What are Your Desert Island Bike Commuting Accessories?

What are Your Desert Island Bike Commuting Accessories?
Photo: Hiroyuki-H

Suppose you were going to be on a small deserted island for up to a year and you had to pick some bike commuting accessories to take with you.

Madagascar Map
If you need me, I’ll be here.
Okay: Not you, but me.And not a small island, but the fourth largest island in the world.And definitely not deserted: Population 22 million or more.What I’m trying to say is that in September I’ll be going to Madagascar for awhile — for nine months — for work. The gig? I’ll be workingHuman Network International (HNI), an NGO which has developed a mobile data collection and communications service designed for international development organizations worldwide.I will be bike commuting in the capitol, Antananarivo.

Banana Are Devo
Antananarivo — rhymes with “bananas are Devo.”
Photo: Weeping Elvis

This is the intersection of bike commuting and bike touring. I’ve purchased plenty of low- and medium-quality accessories with the thought, Hell, I can always replace it. But this time crappy equipmentis not an option.I’ve been to Africa a few times, although never to Madagascar. Based on my previous experience, I’m assuming that I will be far from the well-stocked bike shops of North America, or the two-day delivery we demand here in The Land of Instant Consumer Gratification.So I’ll be sitting in front of a computer everyday, just like I do now. That means I’ll be able to use USB rechargeable bike lights.I’ll get a bike once I’m there; probably a steel-framed mountain bike like this one, more or less.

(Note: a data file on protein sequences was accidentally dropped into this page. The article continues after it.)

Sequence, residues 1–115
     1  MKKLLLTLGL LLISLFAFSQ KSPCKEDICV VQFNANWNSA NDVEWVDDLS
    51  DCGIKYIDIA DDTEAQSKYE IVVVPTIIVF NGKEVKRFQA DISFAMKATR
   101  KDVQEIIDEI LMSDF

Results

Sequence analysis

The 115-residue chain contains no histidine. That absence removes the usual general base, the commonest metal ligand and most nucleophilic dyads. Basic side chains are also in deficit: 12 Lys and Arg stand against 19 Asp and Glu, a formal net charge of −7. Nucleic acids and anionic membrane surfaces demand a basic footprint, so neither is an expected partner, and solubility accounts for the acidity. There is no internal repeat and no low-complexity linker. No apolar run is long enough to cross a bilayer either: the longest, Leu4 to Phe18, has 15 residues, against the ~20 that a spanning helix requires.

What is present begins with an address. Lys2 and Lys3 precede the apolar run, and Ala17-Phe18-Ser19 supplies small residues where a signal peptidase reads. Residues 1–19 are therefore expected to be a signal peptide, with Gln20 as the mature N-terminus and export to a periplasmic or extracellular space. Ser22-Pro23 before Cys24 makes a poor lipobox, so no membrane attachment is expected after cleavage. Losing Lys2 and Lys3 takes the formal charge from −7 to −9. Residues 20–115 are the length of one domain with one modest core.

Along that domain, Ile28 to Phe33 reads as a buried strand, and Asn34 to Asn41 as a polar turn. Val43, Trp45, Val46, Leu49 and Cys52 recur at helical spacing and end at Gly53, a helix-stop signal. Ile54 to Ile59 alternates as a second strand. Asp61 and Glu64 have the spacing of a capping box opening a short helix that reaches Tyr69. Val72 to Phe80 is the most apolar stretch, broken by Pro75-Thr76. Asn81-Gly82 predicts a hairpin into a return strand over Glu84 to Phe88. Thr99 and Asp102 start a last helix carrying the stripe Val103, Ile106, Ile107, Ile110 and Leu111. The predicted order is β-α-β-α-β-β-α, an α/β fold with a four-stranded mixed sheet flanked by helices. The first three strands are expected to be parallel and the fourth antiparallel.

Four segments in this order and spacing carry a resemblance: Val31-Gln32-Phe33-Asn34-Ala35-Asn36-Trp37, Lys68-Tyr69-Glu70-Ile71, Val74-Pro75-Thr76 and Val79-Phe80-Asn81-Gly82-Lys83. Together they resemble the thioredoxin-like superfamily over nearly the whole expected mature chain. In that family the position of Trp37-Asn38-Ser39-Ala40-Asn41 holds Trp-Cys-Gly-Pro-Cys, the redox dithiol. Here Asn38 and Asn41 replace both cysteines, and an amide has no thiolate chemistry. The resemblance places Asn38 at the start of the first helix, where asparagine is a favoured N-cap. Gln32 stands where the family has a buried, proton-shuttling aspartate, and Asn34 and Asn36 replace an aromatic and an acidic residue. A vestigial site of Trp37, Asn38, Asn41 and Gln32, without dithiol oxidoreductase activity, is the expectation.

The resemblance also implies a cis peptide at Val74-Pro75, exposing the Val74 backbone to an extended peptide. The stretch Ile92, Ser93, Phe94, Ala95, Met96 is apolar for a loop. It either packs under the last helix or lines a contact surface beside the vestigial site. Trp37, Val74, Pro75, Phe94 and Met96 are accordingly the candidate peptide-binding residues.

Trek Mountain Bike in Madagascar
Nothing Fancy | Photo: Red Island Living

As you can see, I probably won’t need a bike rear rack, but who knows what kind of rack will come with the bike.From among the accessories that I already have, I reckon I’ll bring my Velo Orange Saddle— I’ve finally taken to this saddle after initial skepticism.And since the saddle is already set up for it, I’ll bring myOrtlieb Mud Racer LED Saddle Bag, but I could probably be talked out of bringing this. It’s a little cramped for space, plus the integrated tail light is pretty feeble. And unless I get creative with zip ties or something, there’s no easy way to attach my Light and Motion Vis 180 Tail Light, because it’s my favorite tail light ever, and it reminds me of an Alien.

Light and Motion Vis 180 Bike Tail Light
Light and Motion Vis 180 Tail Light

I will also bring my Ortlieb Back Roller Classic panniers, which may come in handy if I do any extracurricular touring while there.

What would you recommend, Dear Readers?

I’m thinking I could probably use a good loud horn. I say this because of my previous experience in other African countries where drivers use horns almost constantly in traffic — not in the hostile and/or terrified way we use them in this country, but as an audible notification no more aggressive than a turn signal.I’m really into using an Android tablet these days. So maybe a bike backpack and/or sleeve for that? Also one of these smallish pumps like BluesCat recommends.What about tools? A headlight? Gloves? Lemur carrier?Seriously. I’m sure I’m forgetting something.

Ted Johnson is a Peace Corps Response Volunteer in Antananarivo, Madagascar. Follow his hardly-ever-about-bikes blogging at Half-Hearted Fanatic, and tweeting at @TedJohnsonIII.Note that the opinions expressed here by Ted Johnson are solely his own and do not reflect any position of the U.S. government or the Peace Corps.

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